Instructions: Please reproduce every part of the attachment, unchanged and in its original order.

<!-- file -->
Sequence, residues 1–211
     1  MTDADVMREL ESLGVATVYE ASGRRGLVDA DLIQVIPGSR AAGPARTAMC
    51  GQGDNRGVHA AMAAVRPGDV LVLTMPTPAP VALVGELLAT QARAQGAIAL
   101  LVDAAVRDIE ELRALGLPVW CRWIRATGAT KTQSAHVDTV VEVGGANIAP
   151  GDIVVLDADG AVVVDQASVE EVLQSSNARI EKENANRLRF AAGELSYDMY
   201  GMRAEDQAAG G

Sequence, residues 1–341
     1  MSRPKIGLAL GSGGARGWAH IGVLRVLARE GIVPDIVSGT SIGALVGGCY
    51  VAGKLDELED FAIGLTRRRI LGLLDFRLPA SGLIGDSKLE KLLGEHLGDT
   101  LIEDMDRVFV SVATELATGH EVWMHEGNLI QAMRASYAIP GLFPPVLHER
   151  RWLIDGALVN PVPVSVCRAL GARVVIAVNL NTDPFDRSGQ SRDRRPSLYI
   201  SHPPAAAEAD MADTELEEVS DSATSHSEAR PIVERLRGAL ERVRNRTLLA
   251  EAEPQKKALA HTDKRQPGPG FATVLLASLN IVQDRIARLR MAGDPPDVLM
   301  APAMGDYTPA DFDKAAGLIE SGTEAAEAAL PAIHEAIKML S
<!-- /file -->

Sequence, residues 1–211
     1  MTDADVMREL ESLGVATVYE ASGRRGLVDA DLIQVIPGSR AAGPARTAMC
    51  GQGDNRGVHA AMAAVRPGDV LVLTMPTPAP VALVGELLAT QARAQGAIAL
   101  LVDAAVRDIE ELRALGLPVW CRWIRATGAT KTQSAHVDTV VEVGGANIAP
   151  GDIVVLDADG AVVVDQASVE EVLQSSNARI EKENANRLRF AAGELSYDMY
   201  GMRAEDQAAG G

Sequence, residues 1–341
     1  MSRPKIGLAL GSGGARGWAH IGVLRVLARE GIVPDIVSGT SIGALVGGCY
    51  VAGKLDELED FAIGLTRRRI LGLLDFRLPA SGLIGDSKLE KLLGEHLGDT
   101  LIEDMDRVFV SVATELATGH EVWMHEGNLI QAMRASYAIP GLFPPVLHER
   151  RWLIDGALVN PVPVSVCRAL GARVVIAVNL NTDPFDRSGQ SRDRRPSLYI
   201  SHPPAAAEAD MADTELEEVS DSATSHSEAR PIVERLRGAL ERVRNRTLLA
   251  EAEPQKKALA HTDKRQPGPG FATVLLASLN IVQDRIARLR MAGDPPDVLM
   301  APAMGDYTPA DFDKAAGLIE SGTEAAEAAL PAIHEAIKML S